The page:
Sitting outside on a warm summer’s evening with a heaving plate of meat (ideally barbecued) and a cool glass of cider is always a treat.
However, because of this year’s almost non-existent summer (save for the few sunny evenings when I was glued to the Olympics), we’ve only dined al fresco a handful of times in 2012.
On a rare warm evening, Mrs G and I headed down to Cardiff bay to munch some dinner and soak up the setting sun. Cardiff bay’s newest opening is French restaurant Entrecote Café de Paris. As a member of the Bellini’s and Signor Valentino family, you’d be forgiven for expecting something a little middle of the road….
In fact, Entrecote heralds a change in direction from its siblings. A menu packed with French classics, an opulent gilded dining space, and a slick and knowledgeable serving team all add to Entrecote’s classy feel. However, with upmarket styling comes upmarket pricing: starters average around £7, mains £13-30 and desserts £6. If you’re feeling particularly oligarch-esque, you can splash out £135 on a 50g pot of Oscietra caviar before hopping back onto your super yacht.
If it wasn’t for a more cannily priced introductory menu offering 2 courses for £17.50, I’d classify Entrecote as a special occasion kinda place.
A suggestion from the waitress of bread and olives whilst we browsed the menu, delivered a small plate of plump and fresh olives, excellent pain de campagne and walnut and raisin bread, and some desperately dry and dense baguette. The nibbles also delivered a buttock clenching £7.80 addition to the bill.
I drank an enjoyably farmyardy bottle of Breton cider which conjured images of barn dances and combine harvesters.
A complimentary amuse of rich salmon rillette and a crisp crouton set a positive tone.
Mrs G began with a dish of hot and creamy goat’s cheese, artichoke puree, tapenade, crisp ficelle bread rubbed with garlic butter, and well-dressed leaves. This was a dish of massive flavours working in harmony.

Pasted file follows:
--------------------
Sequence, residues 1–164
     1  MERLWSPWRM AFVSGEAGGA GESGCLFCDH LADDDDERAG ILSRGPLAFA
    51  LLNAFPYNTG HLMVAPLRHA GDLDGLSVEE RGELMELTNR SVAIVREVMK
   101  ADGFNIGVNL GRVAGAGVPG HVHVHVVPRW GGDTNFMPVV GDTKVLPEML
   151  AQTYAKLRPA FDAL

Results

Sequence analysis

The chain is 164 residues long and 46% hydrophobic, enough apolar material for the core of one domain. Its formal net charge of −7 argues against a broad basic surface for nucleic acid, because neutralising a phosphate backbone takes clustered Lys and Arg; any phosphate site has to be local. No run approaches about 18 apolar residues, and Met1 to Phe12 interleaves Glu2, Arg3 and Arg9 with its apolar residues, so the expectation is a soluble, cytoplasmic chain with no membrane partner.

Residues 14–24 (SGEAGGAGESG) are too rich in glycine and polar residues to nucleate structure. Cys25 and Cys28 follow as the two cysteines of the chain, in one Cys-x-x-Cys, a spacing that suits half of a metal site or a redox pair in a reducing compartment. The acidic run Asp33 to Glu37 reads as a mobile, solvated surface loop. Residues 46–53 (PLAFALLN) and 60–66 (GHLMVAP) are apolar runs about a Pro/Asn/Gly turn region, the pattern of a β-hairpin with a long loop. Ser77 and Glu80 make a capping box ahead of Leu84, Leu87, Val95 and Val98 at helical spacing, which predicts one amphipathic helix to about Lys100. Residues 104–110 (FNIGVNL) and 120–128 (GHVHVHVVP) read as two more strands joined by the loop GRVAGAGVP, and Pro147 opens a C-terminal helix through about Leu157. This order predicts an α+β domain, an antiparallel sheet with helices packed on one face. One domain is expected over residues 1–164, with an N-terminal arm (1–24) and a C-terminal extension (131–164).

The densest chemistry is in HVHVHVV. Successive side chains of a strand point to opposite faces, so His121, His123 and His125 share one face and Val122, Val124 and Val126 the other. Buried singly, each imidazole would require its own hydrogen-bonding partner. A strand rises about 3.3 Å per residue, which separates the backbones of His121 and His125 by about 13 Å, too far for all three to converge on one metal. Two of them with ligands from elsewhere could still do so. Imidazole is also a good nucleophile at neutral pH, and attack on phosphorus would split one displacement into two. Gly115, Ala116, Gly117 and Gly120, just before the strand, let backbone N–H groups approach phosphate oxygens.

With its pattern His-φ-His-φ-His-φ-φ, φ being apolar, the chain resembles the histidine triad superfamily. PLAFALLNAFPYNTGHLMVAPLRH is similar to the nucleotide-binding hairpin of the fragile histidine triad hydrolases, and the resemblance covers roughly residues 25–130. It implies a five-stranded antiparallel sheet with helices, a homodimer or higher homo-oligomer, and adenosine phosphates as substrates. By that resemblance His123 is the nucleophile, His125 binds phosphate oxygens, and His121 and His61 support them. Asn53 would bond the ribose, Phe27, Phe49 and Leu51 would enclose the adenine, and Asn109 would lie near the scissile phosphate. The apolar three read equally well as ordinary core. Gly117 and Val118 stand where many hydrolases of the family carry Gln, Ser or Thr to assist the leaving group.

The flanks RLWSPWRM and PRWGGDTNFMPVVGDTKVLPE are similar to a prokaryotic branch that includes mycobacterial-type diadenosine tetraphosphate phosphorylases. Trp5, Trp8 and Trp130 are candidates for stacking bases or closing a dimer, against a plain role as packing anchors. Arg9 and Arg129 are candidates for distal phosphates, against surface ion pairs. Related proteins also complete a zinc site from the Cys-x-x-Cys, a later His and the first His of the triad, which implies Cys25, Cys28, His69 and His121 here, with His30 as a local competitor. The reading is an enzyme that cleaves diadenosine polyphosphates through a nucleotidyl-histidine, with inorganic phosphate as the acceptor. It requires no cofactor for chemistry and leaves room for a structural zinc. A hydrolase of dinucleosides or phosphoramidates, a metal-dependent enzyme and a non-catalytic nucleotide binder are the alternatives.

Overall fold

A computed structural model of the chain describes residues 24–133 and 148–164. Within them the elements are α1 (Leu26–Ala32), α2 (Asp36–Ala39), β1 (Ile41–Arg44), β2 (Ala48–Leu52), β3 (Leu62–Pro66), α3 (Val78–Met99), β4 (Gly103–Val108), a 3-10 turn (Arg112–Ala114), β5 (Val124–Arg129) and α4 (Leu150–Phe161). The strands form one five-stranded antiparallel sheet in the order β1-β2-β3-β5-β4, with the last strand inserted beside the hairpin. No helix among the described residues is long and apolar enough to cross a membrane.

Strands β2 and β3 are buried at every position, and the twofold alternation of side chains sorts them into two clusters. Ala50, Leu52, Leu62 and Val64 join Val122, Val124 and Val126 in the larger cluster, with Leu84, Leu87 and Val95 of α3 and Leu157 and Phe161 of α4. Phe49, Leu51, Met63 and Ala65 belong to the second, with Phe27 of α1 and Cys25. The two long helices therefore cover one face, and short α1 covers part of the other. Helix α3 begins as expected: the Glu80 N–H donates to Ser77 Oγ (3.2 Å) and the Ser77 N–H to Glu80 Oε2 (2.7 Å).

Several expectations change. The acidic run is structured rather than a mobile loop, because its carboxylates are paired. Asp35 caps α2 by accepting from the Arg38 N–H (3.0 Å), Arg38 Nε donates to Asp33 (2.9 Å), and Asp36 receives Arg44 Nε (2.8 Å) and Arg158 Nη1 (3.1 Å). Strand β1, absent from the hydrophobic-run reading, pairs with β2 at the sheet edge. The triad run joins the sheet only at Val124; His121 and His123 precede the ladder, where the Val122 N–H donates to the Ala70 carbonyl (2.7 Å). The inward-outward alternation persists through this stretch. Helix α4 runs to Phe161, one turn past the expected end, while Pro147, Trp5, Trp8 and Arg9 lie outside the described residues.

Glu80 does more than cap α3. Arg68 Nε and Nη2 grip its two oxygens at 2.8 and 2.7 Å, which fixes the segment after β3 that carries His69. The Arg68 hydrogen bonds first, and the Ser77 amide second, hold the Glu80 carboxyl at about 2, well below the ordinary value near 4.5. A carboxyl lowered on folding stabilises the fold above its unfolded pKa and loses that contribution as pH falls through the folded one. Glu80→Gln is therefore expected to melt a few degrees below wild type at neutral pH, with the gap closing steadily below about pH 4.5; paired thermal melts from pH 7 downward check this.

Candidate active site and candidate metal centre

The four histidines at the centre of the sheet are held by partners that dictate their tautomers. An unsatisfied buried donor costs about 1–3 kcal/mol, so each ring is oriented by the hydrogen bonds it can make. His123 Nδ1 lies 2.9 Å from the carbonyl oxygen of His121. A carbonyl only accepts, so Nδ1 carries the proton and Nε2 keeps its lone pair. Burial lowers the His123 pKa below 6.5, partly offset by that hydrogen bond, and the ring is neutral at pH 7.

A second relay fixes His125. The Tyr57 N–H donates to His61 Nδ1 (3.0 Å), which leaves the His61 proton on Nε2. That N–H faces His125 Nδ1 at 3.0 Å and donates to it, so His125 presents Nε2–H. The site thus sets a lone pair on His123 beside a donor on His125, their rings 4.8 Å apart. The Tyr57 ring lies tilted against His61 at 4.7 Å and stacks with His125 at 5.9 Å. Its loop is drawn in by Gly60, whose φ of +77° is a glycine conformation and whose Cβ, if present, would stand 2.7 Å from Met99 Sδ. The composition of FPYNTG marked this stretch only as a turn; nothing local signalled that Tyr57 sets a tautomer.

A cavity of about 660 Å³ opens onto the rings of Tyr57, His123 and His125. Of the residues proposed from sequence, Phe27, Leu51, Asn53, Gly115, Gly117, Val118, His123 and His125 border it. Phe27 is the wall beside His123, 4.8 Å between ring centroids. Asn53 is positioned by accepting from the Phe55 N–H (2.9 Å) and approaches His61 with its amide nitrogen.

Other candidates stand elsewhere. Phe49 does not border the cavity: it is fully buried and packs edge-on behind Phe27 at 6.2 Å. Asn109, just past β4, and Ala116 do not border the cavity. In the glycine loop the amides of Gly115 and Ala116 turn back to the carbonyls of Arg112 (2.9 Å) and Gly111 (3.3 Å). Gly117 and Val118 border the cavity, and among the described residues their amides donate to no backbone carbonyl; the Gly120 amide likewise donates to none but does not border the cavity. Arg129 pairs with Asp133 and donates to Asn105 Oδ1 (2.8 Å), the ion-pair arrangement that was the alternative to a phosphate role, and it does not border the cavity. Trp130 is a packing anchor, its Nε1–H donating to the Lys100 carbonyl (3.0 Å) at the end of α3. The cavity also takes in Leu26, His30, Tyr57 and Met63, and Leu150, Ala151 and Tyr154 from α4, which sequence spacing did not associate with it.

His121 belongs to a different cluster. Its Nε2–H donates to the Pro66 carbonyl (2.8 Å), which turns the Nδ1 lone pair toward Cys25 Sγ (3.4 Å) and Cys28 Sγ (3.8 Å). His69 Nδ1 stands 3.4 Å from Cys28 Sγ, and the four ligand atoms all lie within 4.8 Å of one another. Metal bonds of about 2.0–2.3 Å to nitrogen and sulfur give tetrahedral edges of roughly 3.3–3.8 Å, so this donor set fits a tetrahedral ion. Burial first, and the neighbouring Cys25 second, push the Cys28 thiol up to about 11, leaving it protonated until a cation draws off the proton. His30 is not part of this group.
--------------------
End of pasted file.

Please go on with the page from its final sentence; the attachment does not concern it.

My plate of Parisienne style gnocchi was equally fine. Made with choux pastry batter instead of potato, the effect was lighter and fluffier than its Italian equivalent. Bathed in a light cheese sauce, scattered with crisp shards of air dried ham and topped with a crust of melted cheese, the dish was surprisingly light.
Mains were almost as good as starters.
Mrs G ordered slow cooked salmon. As the salmon was cooked sous-vide, we were warned it would appear translucent. What arrived was a very good yet entirely normal looking piece of meaty salmon with excellent crisp skin. It was accompanied by smooth buttery mash (potatoey butter may be a more appropriate descriptor), salty samphire, sweet cherry tomatoes, beurre blanc and richness busting capers.
My braised shoulder of lamb with Toulouse sausage and cauliflower puree was in the main rather ace. An unctuous lamb shoulder tower of babel, Toulouse sausage imbued with wine and bacon, rich gravy, smooth cauliflower puree and a light couscous salad made for a hearty and unmistakeably French dish. However, I wasn’t fully convinced by the temperature contrast of cold couscous, hot meat & gravy, and tepid cauliflower puree.
A banging apple tarte tatin (£6.50) finished off the meal. Crisp flaky pastry, moist apple, and golden caramel were elevated by a kick of PX sherry. A scoop of delicate buttermilk ice cream completed the dish.
Entrecote Café de Paris is a welcome addition to Cardiff bay. They serve interesting food, they’re helping to redress the independent v chain balance, and they probably have the best view from any restaurant in the Bay. Here’s hoping the introductory menu offer becomes a permanent fixture……
Address - Unit Upper 9, Mermaid Quay, Cardiff Bay, CF10 5BZ
Telephone - 029 20 490 990